The records include two camps previously known to the Washington researchers, but about which few SS documents were available. Sachsenburg and Lichtenburg in eastern Germany were among the first sites opened in early 1933, but were closed in 1937 when the system was restructured into larger camps that housed tens of thousands of prisoners. Afterward, both served briefly as women's camps.
"There are approximately 4,000 pages of material that no one else in no other archive has access to," said Joseph White, of the Center for Advanced Holocaust Studies at the U.S. Holocaust Memorial Museum, who has seen only a catalog of the ITS documents on the two camps.
"These were records that were always under the control of the SS. That's very rare to find for these early camps," he said by telephone from Washington.
Such documents could help trace the evolution of the camp system from its genesis, White said.
It was at Sachsenburg, for example, that the SS first used colored triangles sewn onto clothing to identify categories of prisoners, a method widely adopted later. Armbands with different markings denoted a hierarchy among the inmates, from kitchen workers to "seniors."
Files on the two camps seen by AP reveal an utter contempt by the SS not only for inmates but for civilian authority, at a time when Nazi rule had not yet taken full control of all institutions of power.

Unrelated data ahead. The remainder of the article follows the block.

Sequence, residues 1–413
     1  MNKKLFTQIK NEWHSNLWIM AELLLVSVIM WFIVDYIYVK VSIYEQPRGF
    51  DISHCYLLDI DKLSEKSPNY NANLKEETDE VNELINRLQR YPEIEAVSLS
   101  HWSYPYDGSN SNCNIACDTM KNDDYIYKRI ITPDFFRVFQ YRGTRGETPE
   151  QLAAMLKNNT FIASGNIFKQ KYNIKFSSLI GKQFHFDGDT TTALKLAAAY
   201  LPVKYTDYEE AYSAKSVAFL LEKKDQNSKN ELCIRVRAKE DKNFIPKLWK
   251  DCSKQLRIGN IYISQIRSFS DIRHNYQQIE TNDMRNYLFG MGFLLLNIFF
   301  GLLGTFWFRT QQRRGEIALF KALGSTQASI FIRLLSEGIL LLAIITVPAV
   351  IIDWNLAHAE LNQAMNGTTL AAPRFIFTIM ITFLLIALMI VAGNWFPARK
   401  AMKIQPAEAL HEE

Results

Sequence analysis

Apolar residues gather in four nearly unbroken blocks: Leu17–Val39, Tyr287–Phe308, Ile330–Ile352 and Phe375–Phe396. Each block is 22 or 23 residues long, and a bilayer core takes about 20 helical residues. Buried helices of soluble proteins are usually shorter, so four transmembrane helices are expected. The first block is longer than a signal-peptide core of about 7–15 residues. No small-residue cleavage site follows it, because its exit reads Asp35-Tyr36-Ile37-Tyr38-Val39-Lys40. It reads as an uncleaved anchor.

In Lichtenburg - a drafty, disused Renaissance castle - an officer reported to his commander that the "sharp cutback of bread and rations is having a negative effect" on the prisoners, who were looking "sleepy and tired" and increasingly ill, he reported. No response was found in the file of correspondence.
Among Sachsenburg's conduct reports was evidence of the commandant's blatant snub of a court in Dresden, which had asked for the "urgent release" of an inmate to appear as a witness in a trial. The commandant wrote back with a flat refusal.
Sachsenburg authorities issued periodic behavior reports, but often they were just a sentence or two. "G. is a worthless subject and an irresponsible person. He would not be harmed by undergoing a really long upbringing in the camp. He is an example of the need for such camps," said one typical report.
The ITS has 17 files on Sachsenburg, each containing several hundred such reports.
Sachsenburg was an abandoned four-story textile mill, renovated in May 1933 to serve as a "protective custody" facility for dissidents such as Jehovah's Witnesses, outlawed in 1935 because they were among the most obstinate opponents of the Nazi regime, refusing to sing the anthem, give the Hitler salute, respond to the military draft or vote in elections.
In a series of reports over several years, one prisoner is repeatedly denounced as a "stubborn ... Bible student," who tried "to promote his Biblical verses through the hammer and sickle and the Soviet star." Though it did not specify, the wording suggested that the inmate was a Witness apparently trying to convert his communist prison mates.
Before being released, prisoners had to sign a declaration that they would never speak against the Nazis and would report anyone who did. "I will not ask for any compensation," the pledge concluded. "I have not been forced to make this declaration."
The ITS files will be a boon to the researchers in Washington, who are compiling a seven-volume encyclopedia of all known sites where "undesirables" were detained, tortured, put to work or killed. The first volume is in the final editing stage - probably too late to take advantage of the Bad Arolsen archive.